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Ciência Rural

versão On-line ISSN 1678-4596

Cienc. Rural vol.47 no.10 Santa Maria  2017  Epub 28-Ago-2017

https://doi.org/10.1590/0103-8478cr20160770 

CROP PRODUCTION

Phytophagous mites on genetically modified maize with Bacillus thuringiensis genes

Ácaros fitófagos em milho geneticamente modificado com genes de Bacillus thuringiensis

Tamara Esteves Ferreira1 

Marcos Antonio Matiello Fadini1  * 

Simone Martins Mendes2 

Cidália Gabriela Santos Marinho1 

Ivan Cruz2 

1Universidade Federal de São João Del-Rei (UFSJ), 563, 5701-970, Sete Lagoas, MG, Brasil.

2Embrapa Milho e Sorgo, Sete Lagoas, MG, Brasil.


ABSTRACT:

The study of non-target organisms such as mites, can provide information about the possible effects of transgenic maize cultivars on the arthropod community. This study aimed to evaluate the abundance of phytophagous mites in the area of Bt maize and evaluate the instantaneous population growth rate, and food preference of phytophagous mites on Bt maize. We registered the species occurrence and the number of adult mite individuals on four maize cultivars, one non-Bt 30F35, and three containing the proteins Cry1Ab (30F35 Yg), Cry1F (30F35 Hx) and Vip3a (Impacto Viptera). Cry proteins disrupt the midgut epithelium of insect pests. The food preference and instantaneous population growth rate (ri) were evaluated using the two-spotted spider mite Tetranychus urticae as model. The species Catarhinus tricholaenae and Aceria zeala were recorded. The Bt maize cultivars did not significantly affect the average number of C. tricholaenae and A. zeala mites compared to conventional cultivar. The population growth rates of T. urticae were similar for the different maize cultivars. T. urticae showed no preference between the leaf of Bt or conventional cultivars. Bt maize did not affect the abundance of species in phytophagous mite.

Key words: plant defense; Non-target organisms; Genetically modified organisms Bt protein; Diptilomiopidae; Eriophyidae; Tetranychidae

RESUMO:

O estudo de organismos não-alvo, tais como ácaros, pode fornecer informações sobre os possíveis efeitos de cultivares de milho transgênico na comunidade de artrópodos. Este estudo teve como objetivo avaliar a abundância de ácaros fitófagos na área de milho Bt e avaliar a taxa de crescimento populacional instantânea e preferência alimentar de ácaros fitófagos em milho Bt. Registramos a ocorrência de espécies e número de indivíduos adultos de ácaros em quatro cultivares de milho, um não-Bt 30F35, e três contendo a proteína Cry1Ab (30F35 Yg), Cry1F (30F35 Hx) e VIP3A (Impacto Viptera). A preferência alimentar e taxa instantânea de crescimento populacional foram avaliadas utilizando fêmeas adultas do ácaro-rajado Tetranychus urticae. As espécies Catarhinus tricholaenae e Aceria zeala foram registradas. As cultivares de milho Bt não afetaram significativamente o número médio de ácaros C. tricholaenae e A. zeala em relação ao cultivar convencional. As taxas de crescimento populacional de T. urticae foram similares para os diferentes cultivares. T. urticae não mostrou preferência entre a folha de milho Bt ou cultivares convencionais. Sugere-se, então, que o milho Bt não afeta a abundância de espécies, preferência alimentar e taxa de crescimento de ácaros fitófagos.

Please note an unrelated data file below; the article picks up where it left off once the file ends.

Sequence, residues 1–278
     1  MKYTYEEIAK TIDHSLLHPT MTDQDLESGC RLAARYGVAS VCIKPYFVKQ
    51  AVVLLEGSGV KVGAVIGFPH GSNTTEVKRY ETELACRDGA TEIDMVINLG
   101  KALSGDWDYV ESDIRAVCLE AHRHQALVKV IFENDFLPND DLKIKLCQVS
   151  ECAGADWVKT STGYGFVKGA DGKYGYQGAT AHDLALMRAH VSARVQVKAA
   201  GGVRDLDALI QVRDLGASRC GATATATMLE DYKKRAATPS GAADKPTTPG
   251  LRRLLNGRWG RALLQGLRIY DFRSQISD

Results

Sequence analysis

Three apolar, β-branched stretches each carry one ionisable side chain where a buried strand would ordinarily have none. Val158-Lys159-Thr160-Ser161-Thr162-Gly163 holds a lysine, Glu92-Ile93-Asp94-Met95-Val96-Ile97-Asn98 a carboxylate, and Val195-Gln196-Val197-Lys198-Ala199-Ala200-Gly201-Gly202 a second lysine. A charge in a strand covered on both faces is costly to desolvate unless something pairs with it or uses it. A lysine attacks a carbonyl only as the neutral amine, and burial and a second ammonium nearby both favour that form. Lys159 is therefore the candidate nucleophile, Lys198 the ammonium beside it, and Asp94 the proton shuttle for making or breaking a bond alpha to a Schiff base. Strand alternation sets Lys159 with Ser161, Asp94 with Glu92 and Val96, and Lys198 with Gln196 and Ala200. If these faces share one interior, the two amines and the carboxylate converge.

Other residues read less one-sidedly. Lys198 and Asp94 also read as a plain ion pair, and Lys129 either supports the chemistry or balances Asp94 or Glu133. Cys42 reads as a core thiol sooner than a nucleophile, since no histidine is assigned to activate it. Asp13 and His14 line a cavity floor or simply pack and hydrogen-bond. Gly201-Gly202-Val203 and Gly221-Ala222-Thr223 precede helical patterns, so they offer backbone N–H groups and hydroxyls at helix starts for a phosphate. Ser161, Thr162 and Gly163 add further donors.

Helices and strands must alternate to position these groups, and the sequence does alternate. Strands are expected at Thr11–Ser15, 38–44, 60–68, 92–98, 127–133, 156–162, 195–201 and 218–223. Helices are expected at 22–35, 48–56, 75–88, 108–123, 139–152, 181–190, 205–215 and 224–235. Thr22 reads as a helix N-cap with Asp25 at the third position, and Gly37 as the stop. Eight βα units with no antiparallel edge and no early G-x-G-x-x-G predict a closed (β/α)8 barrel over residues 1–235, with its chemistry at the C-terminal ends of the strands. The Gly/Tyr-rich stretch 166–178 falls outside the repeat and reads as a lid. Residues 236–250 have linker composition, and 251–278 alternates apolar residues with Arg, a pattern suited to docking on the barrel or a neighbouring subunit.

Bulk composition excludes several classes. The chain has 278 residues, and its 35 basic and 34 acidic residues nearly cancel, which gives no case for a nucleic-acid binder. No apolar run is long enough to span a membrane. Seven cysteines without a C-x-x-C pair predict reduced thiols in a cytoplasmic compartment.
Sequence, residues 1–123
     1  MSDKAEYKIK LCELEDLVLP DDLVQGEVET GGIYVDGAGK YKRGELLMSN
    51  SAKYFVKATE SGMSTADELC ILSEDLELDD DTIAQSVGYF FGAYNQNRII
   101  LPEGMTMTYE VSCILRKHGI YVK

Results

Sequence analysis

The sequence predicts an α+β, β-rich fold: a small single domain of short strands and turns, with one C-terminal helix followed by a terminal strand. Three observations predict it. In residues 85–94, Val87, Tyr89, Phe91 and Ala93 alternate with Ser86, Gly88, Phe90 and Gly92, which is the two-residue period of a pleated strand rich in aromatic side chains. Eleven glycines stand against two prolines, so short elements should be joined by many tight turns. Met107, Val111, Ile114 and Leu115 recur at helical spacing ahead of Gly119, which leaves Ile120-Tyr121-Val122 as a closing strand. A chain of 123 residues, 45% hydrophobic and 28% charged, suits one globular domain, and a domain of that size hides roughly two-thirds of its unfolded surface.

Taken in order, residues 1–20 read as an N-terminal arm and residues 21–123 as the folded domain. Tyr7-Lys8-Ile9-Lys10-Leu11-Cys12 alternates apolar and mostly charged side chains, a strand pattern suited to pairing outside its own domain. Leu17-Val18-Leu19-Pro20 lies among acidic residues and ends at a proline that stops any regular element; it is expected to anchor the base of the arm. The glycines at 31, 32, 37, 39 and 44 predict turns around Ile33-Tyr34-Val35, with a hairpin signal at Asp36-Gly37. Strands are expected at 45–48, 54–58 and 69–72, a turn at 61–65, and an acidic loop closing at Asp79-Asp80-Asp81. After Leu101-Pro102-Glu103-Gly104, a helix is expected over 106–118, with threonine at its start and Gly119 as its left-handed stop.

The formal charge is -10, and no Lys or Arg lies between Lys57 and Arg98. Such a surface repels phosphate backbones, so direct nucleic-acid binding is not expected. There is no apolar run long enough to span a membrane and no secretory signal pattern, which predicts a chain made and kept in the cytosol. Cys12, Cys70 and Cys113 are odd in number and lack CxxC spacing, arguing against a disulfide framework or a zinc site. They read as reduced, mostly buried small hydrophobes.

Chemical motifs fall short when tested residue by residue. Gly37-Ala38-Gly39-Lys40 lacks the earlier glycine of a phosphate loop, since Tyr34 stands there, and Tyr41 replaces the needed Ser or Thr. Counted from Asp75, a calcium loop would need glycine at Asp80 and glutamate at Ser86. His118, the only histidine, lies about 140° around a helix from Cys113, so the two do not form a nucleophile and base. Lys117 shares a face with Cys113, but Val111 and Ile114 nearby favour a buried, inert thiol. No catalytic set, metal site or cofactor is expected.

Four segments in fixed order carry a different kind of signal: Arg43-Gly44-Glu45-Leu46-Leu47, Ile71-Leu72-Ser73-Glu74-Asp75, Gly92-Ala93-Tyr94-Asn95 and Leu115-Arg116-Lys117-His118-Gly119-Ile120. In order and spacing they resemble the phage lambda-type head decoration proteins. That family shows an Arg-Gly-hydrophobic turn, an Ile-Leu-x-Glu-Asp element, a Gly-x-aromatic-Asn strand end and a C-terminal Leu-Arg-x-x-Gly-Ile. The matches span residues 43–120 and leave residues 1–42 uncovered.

Palavras-chave: defesa de plantas; organismos não-alvo; organismos geneticamente modificados; proteína Bt; Diptilomiopidae; Eriophyidae; Tetranychidae

INTRODUCTION:

Genetically modified (GM) plants that express genes with insecticidal activity represent an efficient control for insect pests, in addition to being an important component of integrated pest management (IPM) (PROKOPY, 1994). The first generations of GM plants resistant to chewing insects were developed with genes encoding insecticidal proteins from the bacterium Bacillus thuringiensis (FISCHHOFF et al., 1987), targeting resistance, mainly to Lepidoptera and Coleoptera (PERLAK et al., 2001). Proteins to be expressed become also exposed to other non-target phytophages and their natural enemies (i.e. predators and parasitoids) (DUTTON et al., 2002, SCHRIJVER et al., 2016). Nevertheless, GM plants containing the Bt gene interact with non-target organisms from different trophic levels, harboring not only the insect pests (SCHULER et al., 1999, SCHRIVJER et al., 2016).

Scientific literature that recommends strategies for pest management in maize (Zea mays L.) does not refer to mite populations as key pest (MORAES & FLECHTMANN, 2008, FADINI et al., 2010). The two-spotted spider mite Tetranychus urticae Koch (Acari: Tetranychidae) is an important polyphagous pest of vegetables and other crops (BOLLAND et al., 1998, CAPINERA 2001, OPIT et al., 2004, LIBURD et al., 2007), and can be also find on maize. This mite can cause eventual infestations in leaves of GM and conventional plant, but it is not the target of modified plants with the Bt protein.

We evaluated the occurrence of phytophagous mites in conventional and Bt maize in a field. The null hypothesis that plant defense conferred by Bt maize proteins would not affect the abundance of phytophagous mites was also tested. We also evaluated, under laboratory conditions, if Bt proteins would affect the instantaneous population growth rate and the feeding preference of the phytophagous mite T. urticae.

MATERIALS AND METHODS:

We recorded the occurrence of phytophagous mite species on four maize cultivars: a non-Bt 30F35, and three containing the proteins Cry1Ab, (30F35 Yield Gard, Yg, Pioneer®) and Cry1F (30F35 Herculex, Hx, Pioneer®) and Vip3a (Impacto Viptera, Syngenta®). These cultivars have as target pest some caterpillars, as fall armyworm Spodoptera frugiperda (J.E. Smith) (Lepidoptera: Noctuidae). The experimental area used was in Embrapa Milho e Sorgo, Sete Lagoas, Minas Gerais State, Brazil (19° 28’ south latitude, and 44°15’08’’ west longitude GrW).